Fussing While Victims Suffer
Fight Between World Bank, IMF
by Abid AslamNineteenth Street in downtown Washington is starting to become like the Siachen glacier, a disputed mountain expanse over which Indian and Pakistani troops sporadically exchange gunfire.
Only here, economists from the World Bank and its next-door neighbour, the International Monetary Fund (IMF), periodically exchange volleys over economic crisis in Asia. Hostilities flared again this past week, impelling Bank President James Wolfensohn to throw himself into the fray.
At issue was the Bank's latest 'Global Economic Prospects' report, released Wednesday. Without naming the IMF, the document assailed the high interest rates and austerity measures demanded of crisis-stricken Asian countries in exchange for Fund-led international bailouts.
Events have forced the Fund to soften its stance somewhat and accept that Asian countries must run bigger budget deficits that originally demanded. Nevertheless, the initial hard line had ''contractionary consequences'', deepening the crisis in Asia and adding to a ''substantial risk'' of global recession next year, according to the Bank.
Media reports citing the document and comments by the Bank's outspoken chief economist, Joseph Stiglitz, said this amounted to an attack on the IMF's initial handling of the crisis.
''This interpretation is false,'' Wolfensohn said in a statement Thursday. ''There has never been any doubt on our part that the International Monetary Fund has carried out this most difficult task with strength and judgment,'' he maintained. ''We support them and are grateful for the irreplaceable role that they play.'' He never once challenged the factual accuracy of the media accounts, however.
Many at the IMF have, however, perceived an attack. In September, Fund chief economist Michael Mussa declared, ''Those who argue that monetary policy should have been eased rather than tightened (immediately after crisis struck) are smoking something that is not entirely legal.''
Stiglitz appeared to retaliate Wednesday, disparaging the high interest rate policy as ''bad psychology and worse economics.''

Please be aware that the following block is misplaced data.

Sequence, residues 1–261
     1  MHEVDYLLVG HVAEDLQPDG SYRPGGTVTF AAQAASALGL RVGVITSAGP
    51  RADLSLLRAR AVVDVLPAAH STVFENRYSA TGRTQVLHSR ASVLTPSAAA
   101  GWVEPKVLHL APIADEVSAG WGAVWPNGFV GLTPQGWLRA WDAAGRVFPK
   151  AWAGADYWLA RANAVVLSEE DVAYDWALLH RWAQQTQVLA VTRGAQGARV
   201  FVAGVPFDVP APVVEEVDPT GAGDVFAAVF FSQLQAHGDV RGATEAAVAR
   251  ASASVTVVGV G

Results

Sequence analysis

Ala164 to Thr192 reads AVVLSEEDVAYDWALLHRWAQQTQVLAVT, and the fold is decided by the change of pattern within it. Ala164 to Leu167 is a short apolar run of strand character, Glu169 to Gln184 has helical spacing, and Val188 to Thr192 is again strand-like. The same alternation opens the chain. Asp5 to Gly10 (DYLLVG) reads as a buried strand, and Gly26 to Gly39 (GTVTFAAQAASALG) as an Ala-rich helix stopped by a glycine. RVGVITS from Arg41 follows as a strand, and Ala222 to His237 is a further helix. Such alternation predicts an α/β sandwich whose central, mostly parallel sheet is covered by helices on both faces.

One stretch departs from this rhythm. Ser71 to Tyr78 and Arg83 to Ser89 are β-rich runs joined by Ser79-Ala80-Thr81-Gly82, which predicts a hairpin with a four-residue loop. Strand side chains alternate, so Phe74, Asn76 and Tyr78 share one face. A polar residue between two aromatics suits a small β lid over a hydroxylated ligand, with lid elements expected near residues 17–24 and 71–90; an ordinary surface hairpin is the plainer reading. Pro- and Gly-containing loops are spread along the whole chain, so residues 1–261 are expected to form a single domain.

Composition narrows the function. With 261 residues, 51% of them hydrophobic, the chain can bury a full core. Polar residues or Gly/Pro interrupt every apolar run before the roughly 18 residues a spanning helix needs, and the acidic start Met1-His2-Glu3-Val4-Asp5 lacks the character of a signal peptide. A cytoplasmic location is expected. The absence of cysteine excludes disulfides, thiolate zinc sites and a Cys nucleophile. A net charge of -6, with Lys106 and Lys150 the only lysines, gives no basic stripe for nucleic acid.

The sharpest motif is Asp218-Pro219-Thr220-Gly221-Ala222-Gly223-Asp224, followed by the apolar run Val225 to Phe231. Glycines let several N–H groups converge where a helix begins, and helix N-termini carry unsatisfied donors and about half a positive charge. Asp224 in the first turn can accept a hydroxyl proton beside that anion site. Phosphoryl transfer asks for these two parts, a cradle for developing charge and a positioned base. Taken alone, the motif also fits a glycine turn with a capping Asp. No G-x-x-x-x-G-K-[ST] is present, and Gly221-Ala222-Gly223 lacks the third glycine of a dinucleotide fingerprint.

IMF officials have defended high interest rates as necessary to restore investor confidence and halt currency devaluations by offering returns attractive enough to tempt foreign investors to return. According to Stiglitz, however, investors stayed away anyway, sensing that the interest hikes would choke local businesses and, combined with budget cuts, lead to social unrest by deepening recession.
''You ask the question, 'Who are you protecting?''' by raising rates, Stiglitz said Wednesday. ''You're protecting firms that gambled'' on currency markets. ''Who is paying the price? ... Workers who are going to be put out of jobs.''
Stiglitz had launched his offensive on the Fund's policies in January, warning, ''You don't want to push these countries into severe recession. One ought to focus... on things that caused the crisis, not on things that make it more difficult to deal with.''
Stiglitz, who also is the Bank's senior vice president, vanished from public view shortly afterwards. Upon resurfacing, Stiglitz recast his criticisms as an attempt to spur academic debate on the issues.
His arguments have resonated not only with critics of the economic orthodoxy but also among Bank staffers, according to agency and diplomatic sources here. They added, however, that the dispute owes as much to Washington politics as it does to concern about the real consequences for Asians of policies aimed at soothing international investors' nerves.
Wolfensohn himself is said to have been irked that the Bank was sidelined by the IMF and the U.S. Treasury. The IMF took the lead in responding to the Asian crisis because of its macroeconomic mandate, according to diplomats and political analysts, but also because of active pushing by the United States, which holds nearly one-fifth of all votes in both organisations.
''The U.S. government and IMF have worked very closely,'' Jo- Marie Griesgraber, director of the non-governmental 'Rethinking Bretton Woods' project, said Friday. ''The Bank may differ but the U.S. Treasury and IMF have a very similar take on how to deal with the crisis.'' She maintained that Washington remained committed to ''traumatic and failed stabilisation programmes which have seen a run on banks (and) killed real economies.''
During meetings of World Bank and IMF governors in October, the Bank launched a public-relations effort - through speeches and publications - to assert a distinct role for itself after being pressured by the Fund and U.S. Treasury to provide 16 billion dollars in crisis loans in fiscal 1998, which ended in June.
Only some two percent, or 300 million dollars of that sum, was disbursed to 'pro- poor' social programmes -- the bulk, in effect, was ploughed into short-term relief to speculators, market failures and irresponsible governments in hard-hit countries. That type of activity was the Fund's traditional job, Wolfensohn implied to reporters.
Despite Stiglitz's attacks, the Bank has pushed ''the same policy of deregulating financial markets that led to the present instability,'' said Catherine Caufield, author of 'Masters of Illusion: The World Bank and the Poverty of Nations'.
''The Bank has been trying to distance itself from the IMF, but the fact is that it has pursued the same flawed policies since the 1980s,'' she said.
This article is excerpted from a longer analysis by Aslam.
These organizations spend tens of billions of dollars. Do they show wisdom?
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